You know it, and also it doesn't have to be big events like some of the ones that we've done, like the Guinness World Record or Not Alone event, just the small cozy meetups in the in a cafe or something like that is perfectly acceptable and it's a great experience.
Talking of the Guinness world record Ben's initiative far for a jokey conversation, got the ball rolling on to something that turned out to be quite amazing. So, thanks Ben.
I think it is a bit of a shame though, that the, day wasn't featured a little bit more in the, in the media and press and, and didn't make it into the official Guinness World Record book because.
When you think about it, the survival of those 127 people is a real testament to the chain of survival and to the power of the medical world and NHS.
So, an opportunity missed there from Guinness World Records. Maybe we can do it again with more people and get them involved in a bigger way.
Although that didn't get published, one thing that did get published is our leaflet, and this was thanks to backing from SADS UK, that's Ann and John Jolly and help from one of our members Dawn, and it was a leaflet that was to be put in hospitals and other facilities where sudden cardiac arrest patients and patient families might be found and just gave a basic overview of what an SC, S C A is the impact it has and what we as a group can, can do for patients and their families.
Essentially, it was just a signpost and we've had over 10,000 of these distributed and if you want some please contact sites or go to our website page, which is SCAUK.org/leaflet and you know, we just try and get those out to the places where people will see 'em and can come and join the group and get the benefits of being, being in a group of people who know what they're going through, can answer many of their questions, can point them in direction of resources such as our website, and that's a podcast and other things.
It's also worth mentioning that SADS UK also offer free counseling with a member of the British association for counseling and psychotherapy because.
We're just a Facebook group, we can help people go through some of their recovery process, but we�re not medical people and maybe there will be times when people need professional help. Obviously, you should go through your doctor first but sometimes the waiting list to get mental health assistance can be a little bit long at times. And I suspect post cave at COVID 19, they're going to be even longer.
So, that free counseling could be invaluable.
So, thanks to SADS for the support in that, the leaflet and also other support throughout the years.
I touched on it before that we've, we've got a website, and as, as time has gone on, there have been more and more amazing stories of survival posted in the group and more and more of have gained lessons and pointed to resources.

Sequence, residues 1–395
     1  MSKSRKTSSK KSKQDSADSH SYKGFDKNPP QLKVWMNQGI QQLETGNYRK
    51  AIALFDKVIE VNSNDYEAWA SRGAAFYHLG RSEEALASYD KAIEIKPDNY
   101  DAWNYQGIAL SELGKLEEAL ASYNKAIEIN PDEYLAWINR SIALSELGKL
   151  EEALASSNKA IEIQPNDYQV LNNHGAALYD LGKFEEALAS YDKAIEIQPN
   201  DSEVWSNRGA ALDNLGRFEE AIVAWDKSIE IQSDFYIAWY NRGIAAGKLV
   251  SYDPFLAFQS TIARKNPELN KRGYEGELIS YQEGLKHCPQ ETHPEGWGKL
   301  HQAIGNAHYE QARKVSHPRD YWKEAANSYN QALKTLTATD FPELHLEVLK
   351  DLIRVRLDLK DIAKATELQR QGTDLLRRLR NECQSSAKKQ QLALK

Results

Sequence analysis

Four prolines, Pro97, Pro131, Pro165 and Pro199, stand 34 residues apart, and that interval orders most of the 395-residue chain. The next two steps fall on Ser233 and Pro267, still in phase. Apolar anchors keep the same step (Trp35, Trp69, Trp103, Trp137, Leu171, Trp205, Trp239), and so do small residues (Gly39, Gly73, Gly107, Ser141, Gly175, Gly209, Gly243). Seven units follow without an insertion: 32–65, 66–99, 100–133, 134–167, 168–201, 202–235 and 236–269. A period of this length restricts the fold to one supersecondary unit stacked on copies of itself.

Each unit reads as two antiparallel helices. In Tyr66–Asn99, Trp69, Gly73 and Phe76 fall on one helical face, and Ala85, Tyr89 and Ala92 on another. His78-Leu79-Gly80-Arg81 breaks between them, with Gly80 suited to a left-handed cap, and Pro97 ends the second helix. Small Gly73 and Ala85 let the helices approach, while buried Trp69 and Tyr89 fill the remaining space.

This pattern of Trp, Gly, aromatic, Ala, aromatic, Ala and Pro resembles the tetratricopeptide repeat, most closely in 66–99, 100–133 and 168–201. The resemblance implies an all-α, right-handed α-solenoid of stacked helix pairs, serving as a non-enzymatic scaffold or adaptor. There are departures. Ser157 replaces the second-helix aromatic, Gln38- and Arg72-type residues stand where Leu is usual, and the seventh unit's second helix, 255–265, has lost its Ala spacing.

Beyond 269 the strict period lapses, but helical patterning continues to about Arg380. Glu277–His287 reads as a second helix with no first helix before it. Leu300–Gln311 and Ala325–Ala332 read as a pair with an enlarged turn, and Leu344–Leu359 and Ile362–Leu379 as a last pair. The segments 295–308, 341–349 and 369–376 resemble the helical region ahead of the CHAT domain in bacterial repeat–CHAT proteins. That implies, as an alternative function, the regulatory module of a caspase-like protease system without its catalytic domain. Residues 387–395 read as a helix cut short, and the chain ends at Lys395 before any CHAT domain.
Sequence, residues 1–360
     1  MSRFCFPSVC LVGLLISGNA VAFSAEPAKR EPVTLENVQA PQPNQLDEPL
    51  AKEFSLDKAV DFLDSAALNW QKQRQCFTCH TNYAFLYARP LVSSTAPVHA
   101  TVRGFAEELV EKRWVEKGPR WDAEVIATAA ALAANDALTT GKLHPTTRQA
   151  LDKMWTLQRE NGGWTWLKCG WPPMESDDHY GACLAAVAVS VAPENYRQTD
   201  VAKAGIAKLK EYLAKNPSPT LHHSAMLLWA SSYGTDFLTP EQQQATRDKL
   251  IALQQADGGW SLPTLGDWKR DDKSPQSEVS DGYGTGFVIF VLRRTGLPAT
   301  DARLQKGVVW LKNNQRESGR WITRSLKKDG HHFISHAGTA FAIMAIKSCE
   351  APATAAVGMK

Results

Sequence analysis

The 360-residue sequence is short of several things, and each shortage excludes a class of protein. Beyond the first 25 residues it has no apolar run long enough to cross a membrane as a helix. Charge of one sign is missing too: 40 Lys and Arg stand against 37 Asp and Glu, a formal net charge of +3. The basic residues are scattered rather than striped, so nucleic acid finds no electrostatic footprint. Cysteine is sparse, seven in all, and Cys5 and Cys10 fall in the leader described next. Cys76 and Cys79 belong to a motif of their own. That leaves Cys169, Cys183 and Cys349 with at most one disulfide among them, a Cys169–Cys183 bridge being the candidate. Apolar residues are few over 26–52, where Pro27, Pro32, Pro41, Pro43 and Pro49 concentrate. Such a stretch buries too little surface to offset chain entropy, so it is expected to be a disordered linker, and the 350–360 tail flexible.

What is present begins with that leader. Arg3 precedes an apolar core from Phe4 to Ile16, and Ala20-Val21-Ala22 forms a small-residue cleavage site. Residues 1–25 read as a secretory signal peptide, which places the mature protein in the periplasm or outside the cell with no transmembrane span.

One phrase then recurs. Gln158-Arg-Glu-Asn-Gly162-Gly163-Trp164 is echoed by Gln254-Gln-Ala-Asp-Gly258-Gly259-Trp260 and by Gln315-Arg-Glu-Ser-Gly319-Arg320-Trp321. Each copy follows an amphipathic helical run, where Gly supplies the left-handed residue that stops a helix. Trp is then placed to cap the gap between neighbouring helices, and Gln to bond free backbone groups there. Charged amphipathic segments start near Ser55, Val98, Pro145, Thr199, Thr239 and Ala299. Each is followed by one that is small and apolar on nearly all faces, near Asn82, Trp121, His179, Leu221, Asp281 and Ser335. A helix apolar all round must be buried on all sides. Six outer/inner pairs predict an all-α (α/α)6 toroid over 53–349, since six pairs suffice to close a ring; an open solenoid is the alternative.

So, and all of these things help ease the pain of what people are going through and because our Facebook group is closed and private, only those people in the group can actually see the contents of those posts.
So, I started a website basically to share out to a wider audience and to maybe let anyone interested know what sort of things that survivors and their families were going through.
So, I created this website to collate the information that was specific to us and to provide also an outlet for members to share their stories.
It's worth noting at this time that there was probably very little information for sudden cardiac arrest survivors out there and it tended to come from a very medical perspective, or maybe was sponsored by a manufacturer of medical equipment.
So, it tended to have occasionally it would have a patient story, but it would be the story about the event.
Not really anything afterwards, not showing you it would all be very rosy and not necessarily showing you the walks and the trials and tribulations that people go through and have to overcome.
So, our website aims to give it the patient perspective, and I think that. I think it does that quite well, but we do need contributions continually coming in, albeit stories for the blog or just things that can genuinely help people.
So, if you want to, contribute, absolutely. Please do. I'd love to receive your articles and anything else that's potentially helpful so you can submit that via email at info at SuddenCardiacArrestUK.org or if you go to the SuddenCardiacArrestUK.org/blog.
I mentioned that we had published, a leaflet, and after a couple of years of running of the website, I saw that we began to collate quite a good collection of stories and articles that I thought maybe they're worth publishing in their own right.
And it was something I thought about and toyed around for quite a while.
So, I'd heard that publishing a book can be quite an arduous process. But after the investigation on notice that Amazon has made it relatively straightforward, although as I found that at a little time consuming. So, if you want to give it a go. Go ahead but be prepared for the black hole that all your time disappears into.